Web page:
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Showing content with the highest reputation since 10/12/2019 in all areas

  1. 1 point
    Okay. Then see the link in my first reply.
  2. 1 point
    Comment when and where it's necessary. When it comes to methods, I'm a fan of always writing documentation but at least document the parameters, regardless the scope of the method - I've heard people say it's only important to document the public API of a class. This is utter bullshit. However, when it comes to initial documentation for a class if it does something weird, then yeah - document that sucker. For instance, your Formatter class seems simple enough - it formats a thing. However, if you're not using namespaces and your system formats both HTML and JSON, but Formatter only deals with JSON then document that. I'd argue you should use namespaces or rethink your class naming scheme, but sometimes you come into legacy code and have to do what you have to do.
  3. 1 point
    I don't put comments on classes. They tend to be somewhat self-explanatory just by reading the (namespace and) name alone. Unless there's something particular complicated about them... but most of the time any complexity is with what that happens inside a method. But definitely put comments on the methods.
  4. 1 point
    Looking for help with what part, exactly? Are you not sure what the SELECT query should be? Having problems integrating it into the code and displaying the results?
  5. 1 point
    SOLUTION: In order for the client to work over SSL you need to set the server certificate and private key and start a secure server as follows. Please see here: https://github.com/ratchetphp/Ratchet/issues/609#issuecomment-363743604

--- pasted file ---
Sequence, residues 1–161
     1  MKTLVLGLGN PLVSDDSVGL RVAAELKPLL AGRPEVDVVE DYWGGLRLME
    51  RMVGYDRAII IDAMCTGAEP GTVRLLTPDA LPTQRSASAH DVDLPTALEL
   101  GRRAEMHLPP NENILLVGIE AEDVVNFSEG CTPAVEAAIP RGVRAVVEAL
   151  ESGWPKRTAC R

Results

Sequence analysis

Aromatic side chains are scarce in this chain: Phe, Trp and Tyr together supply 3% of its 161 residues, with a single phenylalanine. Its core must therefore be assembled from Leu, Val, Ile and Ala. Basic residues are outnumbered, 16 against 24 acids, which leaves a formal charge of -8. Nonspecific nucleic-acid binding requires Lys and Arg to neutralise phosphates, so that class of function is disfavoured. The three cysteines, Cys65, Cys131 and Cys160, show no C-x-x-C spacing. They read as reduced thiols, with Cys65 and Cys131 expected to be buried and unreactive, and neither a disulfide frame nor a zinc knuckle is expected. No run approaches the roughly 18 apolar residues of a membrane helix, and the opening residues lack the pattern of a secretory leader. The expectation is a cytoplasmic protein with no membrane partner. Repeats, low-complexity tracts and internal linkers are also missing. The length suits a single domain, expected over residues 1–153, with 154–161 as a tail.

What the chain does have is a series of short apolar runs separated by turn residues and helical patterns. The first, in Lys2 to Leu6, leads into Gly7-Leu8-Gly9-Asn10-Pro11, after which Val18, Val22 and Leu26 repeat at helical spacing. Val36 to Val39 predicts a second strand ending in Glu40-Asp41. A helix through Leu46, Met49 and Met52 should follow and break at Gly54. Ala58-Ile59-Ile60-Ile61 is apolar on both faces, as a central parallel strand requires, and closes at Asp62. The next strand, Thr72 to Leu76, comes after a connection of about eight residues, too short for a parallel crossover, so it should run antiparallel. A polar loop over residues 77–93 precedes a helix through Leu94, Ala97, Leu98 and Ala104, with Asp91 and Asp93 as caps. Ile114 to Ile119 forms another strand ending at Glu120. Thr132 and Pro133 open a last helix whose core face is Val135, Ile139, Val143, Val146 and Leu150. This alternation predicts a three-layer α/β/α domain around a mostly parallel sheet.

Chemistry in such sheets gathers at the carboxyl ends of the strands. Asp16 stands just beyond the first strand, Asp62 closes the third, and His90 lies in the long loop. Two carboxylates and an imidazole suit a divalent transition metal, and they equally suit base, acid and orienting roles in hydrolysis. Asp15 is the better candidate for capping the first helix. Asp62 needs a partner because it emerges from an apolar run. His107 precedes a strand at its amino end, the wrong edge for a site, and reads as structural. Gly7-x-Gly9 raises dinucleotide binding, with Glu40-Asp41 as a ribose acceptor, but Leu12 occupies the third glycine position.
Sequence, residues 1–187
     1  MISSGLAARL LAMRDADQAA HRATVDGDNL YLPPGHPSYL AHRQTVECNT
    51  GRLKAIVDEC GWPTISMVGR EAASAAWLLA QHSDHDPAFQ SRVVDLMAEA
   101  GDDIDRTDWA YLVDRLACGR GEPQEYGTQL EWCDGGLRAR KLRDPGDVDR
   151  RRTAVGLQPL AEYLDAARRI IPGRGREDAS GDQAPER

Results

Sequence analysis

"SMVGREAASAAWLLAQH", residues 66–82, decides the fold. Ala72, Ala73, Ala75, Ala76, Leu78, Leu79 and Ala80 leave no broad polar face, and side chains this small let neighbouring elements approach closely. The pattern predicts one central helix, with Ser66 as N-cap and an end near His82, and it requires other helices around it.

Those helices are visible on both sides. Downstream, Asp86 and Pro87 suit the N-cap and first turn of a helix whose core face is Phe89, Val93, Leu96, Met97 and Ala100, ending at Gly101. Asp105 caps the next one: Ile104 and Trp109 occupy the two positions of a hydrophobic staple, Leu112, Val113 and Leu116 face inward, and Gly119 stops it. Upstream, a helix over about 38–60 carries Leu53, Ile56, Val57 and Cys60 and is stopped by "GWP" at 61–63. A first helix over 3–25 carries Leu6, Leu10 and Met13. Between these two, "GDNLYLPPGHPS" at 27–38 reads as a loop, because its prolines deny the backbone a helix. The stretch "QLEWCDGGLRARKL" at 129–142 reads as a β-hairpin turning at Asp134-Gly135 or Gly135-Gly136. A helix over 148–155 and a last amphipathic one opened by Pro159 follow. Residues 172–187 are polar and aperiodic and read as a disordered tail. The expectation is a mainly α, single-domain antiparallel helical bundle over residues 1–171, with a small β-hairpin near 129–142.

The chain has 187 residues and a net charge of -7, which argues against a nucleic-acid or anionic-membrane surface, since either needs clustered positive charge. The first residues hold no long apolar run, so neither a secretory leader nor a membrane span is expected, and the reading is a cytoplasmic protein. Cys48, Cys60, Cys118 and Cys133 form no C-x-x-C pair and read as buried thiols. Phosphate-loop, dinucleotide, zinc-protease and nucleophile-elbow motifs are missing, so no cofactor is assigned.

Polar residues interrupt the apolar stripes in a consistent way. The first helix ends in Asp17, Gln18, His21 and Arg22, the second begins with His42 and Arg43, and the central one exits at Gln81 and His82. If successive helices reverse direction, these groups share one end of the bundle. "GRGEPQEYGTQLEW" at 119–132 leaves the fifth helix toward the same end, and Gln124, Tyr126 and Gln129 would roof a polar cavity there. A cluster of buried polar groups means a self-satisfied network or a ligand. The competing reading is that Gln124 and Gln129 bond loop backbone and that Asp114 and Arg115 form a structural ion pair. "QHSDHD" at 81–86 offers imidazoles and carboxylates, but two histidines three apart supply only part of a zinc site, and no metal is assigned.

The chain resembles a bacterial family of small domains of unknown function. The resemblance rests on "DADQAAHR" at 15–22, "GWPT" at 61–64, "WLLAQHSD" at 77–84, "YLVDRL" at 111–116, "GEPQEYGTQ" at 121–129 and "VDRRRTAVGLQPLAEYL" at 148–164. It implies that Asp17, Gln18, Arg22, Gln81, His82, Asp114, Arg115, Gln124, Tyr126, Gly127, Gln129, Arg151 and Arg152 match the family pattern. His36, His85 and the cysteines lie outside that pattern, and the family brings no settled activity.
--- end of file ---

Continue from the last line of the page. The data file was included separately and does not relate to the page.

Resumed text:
6. 1 point
    Yeah. Because they're not your problem, and there's nothing you can do about them.
  7. 1 point
    if you use the simple session cart definition that has been given on a different forum, using the item id as the array index, and storing the quantity as the array value under the index, doing what you are asking only takes a couple of lines of code.
  8. 1 point
    And he's right. But what he may have neglected to mention is that adding the 'i' is not enough. Check out the documentation Barand linked to.
  9. 1 point
    Was the code using the mysql_* functions previously? And someone found out they needed to upgrade to the mysqli_* functions? Did they think it was just a matter of adding an 'i' in the function names? If it was and they did, they're wrong: it's almost just a matter of adding the 'i'.
  10. 1 point
    Having read the error message, were you not tempted to read the reference manual for mysqli_query() to see what the correct parameters should be?
  11. 1 point
    Perhaps it's just as well. That would take the relationship to 1-to-many or, potentially, a many-to-many.
  12. 1 point
    Send the JSON to a PHP script on the server using AJAX. The script decodes the JSON, verifies it looks good according to whatever criteria you haven't mentioned are important for this JSON, and then encodes and saves.
  13. 1 point
    Notion, is this another one of your famous unnecessarily abstract questions? Using it to get generic answers to a specific problem?
  14. 1 point
    Cars contain a motor. Motors do not contain cars. Therefore, put a column for motor in the Cars table and link through the various motor ids.
  15. 1 point
    Correct, but I was trying to illustrate where his method was going wrong by showing how his approach should be used.
  16. 1 point
    No, it does not support multiple files.
  17. 1 point
    Personally I would abandon trying to fix the code and instead rewrite it using PDO. Since it uses deprecated code that is going away in any case, it makes no sense to waste time trying to fix it.
  18. 1 point